Monday's program was a sober reminder of what happened half a decade ago, when everything changed in a flash.
On September 11, 2001, our program was ordinary in its lineup: E.D. and Brian had just completed an interview with Marisol Thomas the wife of Matchbox Twenty front man Rob Thomas and I was walking back into the studio after a weather segment with Mr. Peanut, the mascot of Planters Peanuts, when the producer whispered in our ears, "A plane has flown into the World Trade Center."
We would do a FOX News Alert, just as soon as the helicopter pictures came up from Lower Manhattan, but as we waited, I started to assemble some historical information about planes flying into New York skyscrapers. The first iconic image that came to my mind was from 1945, when a B-25 flew into the Empire State Building. The last thing the pilot radioed was, "From where I'm sitting, I can't see the top of the Empire State Building."
Then within 60 seconds the pictures from our chopper came up, the vantage point was from the north side, and if you remember, from that angle the hole in the WTC looked like it was 20 or 30 feet wide. That was because the entire width of the airliner had crashed into the south side, which was a huge gash gushing smoke. In comparison, the hole on the north side was pretty small. In fact apparently what caused the hole in the north side, was an airplane motor crashing through the windows.
One of the initial reports was that a plane the size of a 767 had crashed. Of course the hole we saw was more in line with a two-seater, like a Cessna, I figured a traffic reporter airplane had steered too close and lost track of the towers. Then we saw the other side, and realized the hole was to vast for a little plane, and the initial report was accurate. It was a full-sized commercial airliner. I remember thinking as we were relaying incoming information, "Look at that. How are they going to fix that?"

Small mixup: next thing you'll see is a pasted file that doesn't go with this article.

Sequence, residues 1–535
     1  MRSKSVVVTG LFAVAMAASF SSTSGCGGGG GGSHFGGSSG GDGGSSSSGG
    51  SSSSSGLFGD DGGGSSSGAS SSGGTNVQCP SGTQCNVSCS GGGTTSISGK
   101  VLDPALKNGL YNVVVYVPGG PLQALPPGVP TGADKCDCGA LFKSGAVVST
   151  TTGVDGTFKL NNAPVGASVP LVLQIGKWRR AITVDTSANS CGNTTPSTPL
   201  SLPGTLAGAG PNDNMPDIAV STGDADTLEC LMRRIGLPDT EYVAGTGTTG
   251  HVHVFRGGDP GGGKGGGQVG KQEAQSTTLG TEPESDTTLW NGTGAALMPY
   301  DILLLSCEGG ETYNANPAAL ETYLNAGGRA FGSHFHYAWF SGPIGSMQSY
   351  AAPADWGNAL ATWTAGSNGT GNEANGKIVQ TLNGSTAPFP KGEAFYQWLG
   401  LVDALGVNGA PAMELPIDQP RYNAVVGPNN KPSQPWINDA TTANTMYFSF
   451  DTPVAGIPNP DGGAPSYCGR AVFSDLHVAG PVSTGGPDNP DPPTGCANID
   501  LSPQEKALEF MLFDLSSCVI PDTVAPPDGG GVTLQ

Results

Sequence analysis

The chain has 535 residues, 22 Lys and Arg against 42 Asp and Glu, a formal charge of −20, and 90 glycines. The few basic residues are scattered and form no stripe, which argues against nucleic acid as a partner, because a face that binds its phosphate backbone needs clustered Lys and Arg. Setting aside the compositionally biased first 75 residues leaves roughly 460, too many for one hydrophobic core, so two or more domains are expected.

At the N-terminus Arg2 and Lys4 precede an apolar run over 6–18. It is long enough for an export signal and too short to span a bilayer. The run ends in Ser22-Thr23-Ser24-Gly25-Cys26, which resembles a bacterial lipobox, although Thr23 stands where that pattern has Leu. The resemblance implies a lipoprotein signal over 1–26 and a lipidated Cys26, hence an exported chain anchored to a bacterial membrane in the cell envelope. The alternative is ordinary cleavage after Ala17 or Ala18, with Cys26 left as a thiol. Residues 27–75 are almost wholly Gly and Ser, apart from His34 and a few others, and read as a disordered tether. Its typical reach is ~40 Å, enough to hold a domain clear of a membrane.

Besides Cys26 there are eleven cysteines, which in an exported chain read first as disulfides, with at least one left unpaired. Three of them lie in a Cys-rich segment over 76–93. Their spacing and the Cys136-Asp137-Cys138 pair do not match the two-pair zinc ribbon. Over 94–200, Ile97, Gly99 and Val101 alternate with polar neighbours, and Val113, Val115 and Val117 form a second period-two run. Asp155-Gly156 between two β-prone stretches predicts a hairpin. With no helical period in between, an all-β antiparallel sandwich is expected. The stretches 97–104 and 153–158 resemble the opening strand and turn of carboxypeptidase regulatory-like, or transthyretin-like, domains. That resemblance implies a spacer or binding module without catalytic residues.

Thirteen minutes after the initial impact, Jon Scott took over and was on the air when the second jet crashed into the other tower, turning Lower Manhattan into the largest crime scene in American history.
I think about that day, everyday. It's not just the big empty space in the skyline I see when I drive into work every morning. It's also the last thing I think about before bed, as my daughter Sally says her prayers, "And God bless everyone who lost their lives on September 11th," and then she adds, "And take care of all of those who are keeping us safe."
So many were killed, just because they showed up for work. And that’s why, today, we need more protection than ever before. I thank all of those who wear a uniform across the street and around the world for all they do to keep us safe.
Today's powerful pictures and sobering stories broke my heart all over again. They are a reminder of all that we've lost, and another reason why we can never forget.
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